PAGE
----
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U.S., Canada: Wood wars?

By Staff
April 8, 2001
Mississippi's multi-billion-dollar forestry industry must have been weighing heavily on U.S. Rep. Chip Pickering last week when he endorsed a lawsuit filed by the Coalition for Fair Lumber Imports. His action may very well be the beginning of a crusade to help protect Mississippians whose jobs and livelihoods depend on the timber business.
The lawsuit attempts to strike at Canada's lumber trade practices. Canadian lumber makes up 37 percent of the U.S. lumber market, Pickering said. The Canadian government owns 95 percent of the timberland in Canada and sells the timber to timber companies for one-fourth to one-third of its actual market value. Many experts believe the practice gives Canadian producers an advantage by forcing U.S. timber producers to compete against the treasury of the Canadian government.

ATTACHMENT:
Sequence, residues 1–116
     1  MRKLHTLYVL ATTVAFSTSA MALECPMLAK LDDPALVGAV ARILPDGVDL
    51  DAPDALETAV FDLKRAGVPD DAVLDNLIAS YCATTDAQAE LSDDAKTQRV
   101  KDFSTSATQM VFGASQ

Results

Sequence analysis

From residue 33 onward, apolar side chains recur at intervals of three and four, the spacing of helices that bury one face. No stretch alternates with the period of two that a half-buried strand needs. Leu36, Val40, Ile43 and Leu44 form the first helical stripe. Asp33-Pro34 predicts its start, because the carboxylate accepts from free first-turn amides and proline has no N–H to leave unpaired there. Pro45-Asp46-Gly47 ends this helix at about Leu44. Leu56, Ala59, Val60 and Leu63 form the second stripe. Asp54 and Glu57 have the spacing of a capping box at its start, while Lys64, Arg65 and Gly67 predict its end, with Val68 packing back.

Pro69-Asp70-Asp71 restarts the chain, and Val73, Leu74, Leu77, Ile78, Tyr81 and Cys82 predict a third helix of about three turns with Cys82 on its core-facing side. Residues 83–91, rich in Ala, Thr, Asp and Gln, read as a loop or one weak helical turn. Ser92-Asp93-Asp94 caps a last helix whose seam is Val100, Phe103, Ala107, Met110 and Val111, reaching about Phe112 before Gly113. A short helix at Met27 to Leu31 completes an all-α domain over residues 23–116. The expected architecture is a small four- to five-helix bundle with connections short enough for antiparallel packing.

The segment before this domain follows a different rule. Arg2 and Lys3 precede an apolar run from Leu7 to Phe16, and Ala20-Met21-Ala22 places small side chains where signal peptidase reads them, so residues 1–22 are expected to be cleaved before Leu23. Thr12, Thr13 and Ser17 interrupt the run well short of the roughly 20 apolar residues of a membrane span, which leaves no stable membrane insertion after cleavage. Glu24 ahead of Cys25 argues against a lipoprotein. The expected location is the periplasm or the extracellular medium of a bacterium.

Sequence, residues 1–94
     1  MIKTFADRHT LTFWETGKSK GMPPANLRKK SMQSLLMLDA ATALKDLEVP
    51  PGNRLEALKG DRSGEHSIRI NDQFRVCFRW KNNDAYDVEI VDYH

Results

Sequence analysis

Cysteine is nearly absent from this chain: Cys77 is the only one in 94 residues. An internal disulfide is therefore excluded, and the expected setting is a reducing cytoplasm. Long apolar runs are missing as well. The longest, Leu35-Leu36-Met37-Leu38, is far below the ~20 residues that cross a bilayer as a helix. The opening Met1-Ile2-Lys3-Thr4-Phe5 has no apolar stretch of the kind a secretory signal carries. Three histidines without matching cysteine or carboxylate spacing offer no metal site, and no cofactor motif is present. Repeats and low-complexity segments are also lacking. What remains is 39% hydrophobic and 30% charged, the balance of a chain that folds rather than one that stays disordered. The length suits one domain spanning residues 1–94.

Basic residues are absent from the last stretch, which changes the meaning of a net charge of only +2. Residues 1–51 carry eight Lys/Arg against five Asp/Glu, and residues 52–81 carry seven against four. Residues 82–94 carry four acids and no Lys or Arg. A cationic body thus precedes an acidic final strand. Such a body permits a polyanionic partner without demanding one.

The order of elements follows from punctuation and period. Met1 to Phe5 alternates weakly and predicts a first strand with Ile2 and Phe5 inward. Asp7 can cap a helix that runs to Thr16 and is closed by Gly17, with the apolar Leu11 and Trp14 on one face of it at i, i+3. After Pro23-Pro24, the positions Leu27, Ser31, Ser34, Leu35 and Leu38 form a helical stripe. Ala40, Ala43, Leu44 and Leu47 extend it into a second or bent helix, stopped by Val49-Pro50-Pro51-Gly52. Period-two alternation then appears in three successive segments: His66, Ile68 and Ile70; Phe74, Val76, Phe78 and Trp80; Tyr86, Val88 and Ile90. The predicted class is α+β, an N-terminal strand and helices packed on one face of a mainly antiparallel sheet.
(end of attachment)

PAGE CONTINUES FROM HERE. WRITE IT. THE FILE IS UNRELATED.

The coalition wants U.S. authorities to impose a duty on Canadian lumber coming into the U.S.
One cannot understate the importance of forestry and forest products to Mississippi. Pickering is right to pursue a fair marketplace, which will keep government-subsidized lumber from Canada from flooding the already depressed U.S. market.

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